Catalog Essay | September 17, 2020 | Lot 57
Bradley Tomlin was born 1899 in Syracuse, New York. He died in 1953 in New York City abruptly culminating a career and a lifespan concurrent with the Abstract Expressionist movement in the United States.
After graduating with a degree in painting from Syracuse University, Tomlin moved to New York City. There, he worked as a magazine and commercial illustrator. In 1923, he went to Paris on a fellowship to study at the Academie Colarossi and the Académie de la Grande Chaumière. In 1926, he had his first solo exhibition and in 1929 he sold a painting to the Pennsylvania Academy of Fine Arts, his first sale to a museum.
During the depression from 1932-1941, Tomlin taught painting at Sarah Lawrence College and other preparatory schools in New York. During this period, he was primarily painting in a cubist style. MoMA’s 1936 exhibition “Fantastic Art, Dada and Surrealism” had a profound effect on Tomlin as it did on many other artists of the day. Tomlin’s work after this show became increasingly abstract and surrealist.
In 1945, Tomlin met Adolph Gottlieb and through him some of the leading Abstract Expressionists including Robert Motherwell, Phillip Guston and Jackson Pollock. At this point in Tomlin’s career, his work became assertively distinctive. He stopped teaching in order to focus on his own painting. He began to experiment with automatism using themes like calligraphy and typography. In the 1940s and 50s his work was abstract but focused on geometry and order.
In the present work “Number 16” Tomlin used the yellow/khaki ground that is apparent in his other works from the 1952-1953. The use of 14 different colors on top of this ground and texture of the brushstrokes are magnificent. Duncan Phillips, founder of the Phillips Collection, called examples in this style “petal paintings” because the thick, rhythmic brush strokes resemble falling flower petals.
In a new volume The Irascibles: Painters Against the Museum, New York, 1950, author Daniel Belasco notes, “Tomlin isolated the brushstroke as a discrete image, becoming among the first to pare Abstract Expressionism to its gestural essentials.”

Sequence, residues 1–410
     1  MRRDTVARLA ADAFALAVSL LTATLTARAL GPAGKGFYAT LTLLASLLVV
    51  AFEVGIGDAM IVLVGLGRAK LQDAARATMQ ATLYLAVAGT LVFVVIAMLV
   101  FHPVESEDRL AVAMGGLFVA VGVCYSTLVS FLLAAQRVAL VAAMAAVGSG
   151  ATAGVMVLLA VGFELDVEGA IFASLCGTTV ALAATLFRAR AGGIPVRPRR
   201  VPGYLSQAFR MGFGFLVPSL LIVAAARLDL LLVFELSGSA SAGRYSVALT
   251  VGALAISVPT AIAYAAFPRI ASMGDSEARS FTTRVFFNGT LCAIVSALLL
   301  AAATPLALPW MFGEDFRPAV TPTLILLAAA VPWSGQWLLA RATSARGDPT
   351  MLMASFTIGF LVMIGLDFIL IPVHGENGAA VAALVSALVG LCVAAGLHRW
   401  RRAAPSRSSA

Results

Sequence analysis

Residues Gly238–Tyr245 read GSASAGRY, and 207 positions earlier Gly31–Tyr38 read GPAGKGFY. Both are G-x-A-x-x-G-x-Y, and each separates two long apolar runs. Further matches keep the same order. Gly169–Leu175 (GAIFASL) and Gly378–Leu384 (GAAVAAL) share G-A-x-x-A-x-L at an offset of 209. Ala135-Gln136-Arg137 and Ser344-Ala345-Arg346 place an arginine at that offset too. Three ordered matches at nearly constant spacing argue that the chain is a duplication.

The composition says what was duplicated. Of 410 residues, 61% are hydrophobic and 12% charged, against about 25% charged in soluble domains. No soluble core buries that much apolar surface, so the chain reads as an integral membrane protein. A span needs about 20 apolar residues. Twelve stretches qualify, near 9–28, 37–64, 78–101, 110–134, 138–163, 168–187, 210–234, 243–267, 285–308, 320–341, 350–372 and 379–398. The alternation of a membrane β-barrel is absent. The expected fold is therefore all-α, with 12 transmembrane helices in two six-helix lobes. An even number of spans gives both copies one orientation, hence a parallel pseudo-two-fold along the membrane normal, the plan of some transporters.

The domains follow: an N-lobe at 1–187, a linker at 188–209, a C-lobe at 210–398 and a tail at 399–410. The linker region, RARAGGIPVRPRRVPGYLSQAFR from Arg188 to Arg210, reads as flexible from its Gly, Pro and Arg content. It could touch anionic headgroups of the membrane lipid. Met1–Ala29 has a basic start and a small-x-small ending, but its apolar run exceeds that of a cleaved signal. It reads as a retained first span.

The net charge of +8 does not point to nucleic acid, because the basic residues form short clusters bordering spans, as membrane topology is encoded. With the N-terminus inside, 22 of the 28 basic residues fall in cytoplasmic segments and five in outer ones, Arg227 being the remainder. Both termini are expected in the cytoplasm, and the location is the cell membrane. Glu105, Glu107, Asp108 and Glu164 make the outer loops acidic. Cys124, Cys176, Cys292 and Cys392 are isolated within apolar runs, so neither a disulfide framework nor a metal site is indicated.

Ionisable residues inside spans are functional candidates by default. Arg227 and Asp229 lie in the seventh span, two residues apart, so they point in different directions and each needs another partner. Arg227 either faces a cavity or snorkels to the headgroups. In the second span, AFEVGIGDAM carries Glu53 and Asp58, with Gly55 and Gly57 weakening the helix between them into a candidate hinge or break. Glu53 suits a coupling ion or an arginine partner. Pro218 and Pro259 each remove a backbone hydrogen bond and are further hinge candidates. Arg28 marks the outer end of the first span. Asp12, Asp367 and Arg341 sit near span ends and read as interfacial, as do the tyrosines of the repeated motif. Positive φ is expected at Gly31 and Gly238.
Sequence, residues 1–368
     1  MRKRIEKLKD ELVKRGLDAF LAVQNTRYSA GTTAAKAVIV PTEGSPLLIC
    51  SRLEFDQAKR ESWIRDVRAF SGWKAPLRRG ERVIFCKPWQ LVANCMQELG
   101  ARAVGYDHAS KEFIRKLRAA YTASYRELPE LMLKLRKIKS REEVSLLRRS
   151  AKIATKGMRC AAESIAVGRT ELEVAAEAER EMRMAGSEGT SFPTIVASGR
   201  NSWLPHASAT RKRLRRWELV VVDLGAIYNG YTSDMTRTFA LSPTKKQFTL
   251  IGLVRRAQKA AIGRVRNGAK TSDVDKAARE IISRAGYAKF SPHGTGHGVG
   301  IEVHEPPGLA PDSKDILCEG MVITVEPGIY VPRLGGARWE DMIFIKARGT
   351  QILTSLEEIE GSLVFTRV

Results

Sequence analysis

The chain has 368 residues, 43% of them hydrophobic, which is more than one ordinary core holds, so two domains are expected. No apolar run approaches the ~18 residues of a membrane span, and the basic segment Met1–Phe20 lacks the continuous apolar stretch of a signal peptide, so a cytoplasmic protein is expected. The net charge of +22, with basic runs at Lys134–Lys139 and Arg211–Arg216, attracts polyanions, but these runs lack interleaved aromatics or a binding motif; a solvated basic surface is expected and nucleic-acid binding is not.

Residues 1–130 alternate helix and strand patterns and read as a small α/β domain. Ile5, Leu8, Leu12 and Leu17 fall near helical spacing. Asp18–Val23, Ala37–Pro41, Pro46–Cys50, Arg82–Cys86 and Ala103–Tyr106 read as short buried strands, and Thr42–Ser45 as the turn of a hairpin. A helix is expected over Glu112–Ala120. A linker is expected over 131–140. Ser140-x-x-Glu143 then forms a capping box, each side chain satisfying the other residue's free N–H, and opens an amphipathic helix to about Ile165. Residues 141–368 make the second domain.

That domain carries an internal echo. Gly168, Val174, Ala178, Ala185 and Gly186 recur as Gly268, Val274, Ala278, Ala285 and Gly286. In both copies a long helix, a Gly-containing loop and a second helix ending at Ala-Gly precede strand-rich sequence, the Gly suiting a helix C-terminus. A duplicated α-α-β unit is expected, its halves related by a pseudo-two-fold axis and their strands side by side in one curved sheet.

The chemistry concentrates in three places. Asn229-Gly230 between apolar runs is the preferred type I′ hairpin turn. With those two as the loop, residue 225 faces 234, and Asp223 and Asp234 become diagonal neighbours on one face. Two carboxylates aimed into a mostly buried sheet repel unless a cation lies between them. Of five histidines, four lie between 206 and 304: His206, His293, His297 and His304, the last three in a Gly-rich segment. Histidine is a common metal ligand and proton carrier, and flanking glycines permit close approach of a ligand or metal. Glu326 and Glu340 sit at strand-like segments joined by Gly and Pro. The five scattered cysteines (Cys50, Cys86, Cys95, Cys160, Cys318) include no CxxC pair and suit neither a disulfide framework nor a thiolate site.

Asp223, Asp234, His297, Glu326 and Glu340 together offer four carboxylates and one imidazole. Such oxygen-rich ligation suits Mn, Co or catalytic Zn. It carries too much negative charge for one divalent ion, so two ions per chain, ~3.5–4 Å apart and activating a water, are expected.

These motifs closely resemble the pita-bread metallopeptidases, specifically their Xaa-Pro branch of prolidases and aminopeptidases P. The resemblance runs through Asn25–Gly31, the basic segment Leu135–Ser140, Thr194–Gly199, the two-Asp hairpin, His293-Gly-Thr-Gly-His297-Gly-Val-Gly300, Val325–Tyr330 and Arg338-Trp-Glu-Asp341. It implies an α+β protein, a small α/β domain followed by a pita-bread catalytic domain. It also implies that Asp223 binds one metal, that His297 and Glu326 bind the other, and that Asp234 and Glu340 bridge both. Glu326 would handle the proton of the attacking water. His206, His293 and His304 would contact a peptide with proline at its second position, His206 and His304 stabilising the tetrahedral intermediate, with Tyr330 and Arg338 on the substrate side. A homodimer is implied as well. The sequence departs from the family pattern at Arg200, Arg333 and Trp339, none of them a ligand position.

Tomlin died in 1957 of a heart attack, prematurely ending his career. Rothko remembered him saying “the first of our family to leave us.” In 1957 the Whitney organized a memorial exhibition of his work and MoMA included him in their landmark 1958-1959 travelling exhibition The New American Painting.
In 2016 the Samuel Dorsky Museum of Art at SUNY New Paltz together with the Everson Museum of Art, Syracuse, New York organized the first retrospective and catalog of Tomlin’s work since 1975. A review of the exhibition noted, “It is largely because Tomlin avoided the automatic, action-packed swagger of his compatriots that he’s often denied true Abstract Expressionist honors. Others see, through the unobtrusive, quiet, gracious demeanor of a gay man from the 1940s, an artist who found it necessary to shun all bravado. Some cite his early death and paucity of extant Expressionist works as reasons why he may never have fully realized his vision. However, setting these asides aside, this retrospective provides a fresh view of Tomlin as an artist whose keen understanding of the structure of a new aesthetic enabled him to distill its visual and psychic energy. He did this fully knowing himself, acknowledging his voice, and expressing it authentically, in irrepressibly original ways.”
 Joyce Beckenstein, “Bradley Walker Tomlin, A Retrospective,” in The Brooklyn Rail, Oct. 4, 2016,
 Bradley Walker Tomlin, catalog, circ. Exhibition organized by the Art Galleries of the University of California, Los Angeles, in association with the Whitney Museum of American Art (New York, Published for the Whitney Museum of American Art by Macmillan, 1957).